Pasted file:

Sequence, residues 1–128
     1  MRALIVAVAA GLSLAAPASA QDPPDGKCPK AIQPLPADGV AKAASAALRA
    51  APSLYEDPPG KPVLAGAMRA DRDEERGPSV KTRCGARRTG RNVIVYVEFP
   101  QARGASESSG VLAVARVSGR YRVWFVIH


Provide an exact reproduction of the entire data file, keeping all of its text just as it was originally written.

Sequence, residues 1–128
     1  MRALIVAVAA GLSLAAPASA QDPPDGKCPK AIQPLPADGV AKAASAALRA
    51  APSLYEDPPG KPVLAGAMRA DRDEERGPSV KTRCGARRTG RNVIVYVEFP
   101  QARGASESSG VLAVARVSGR YRVWFVIH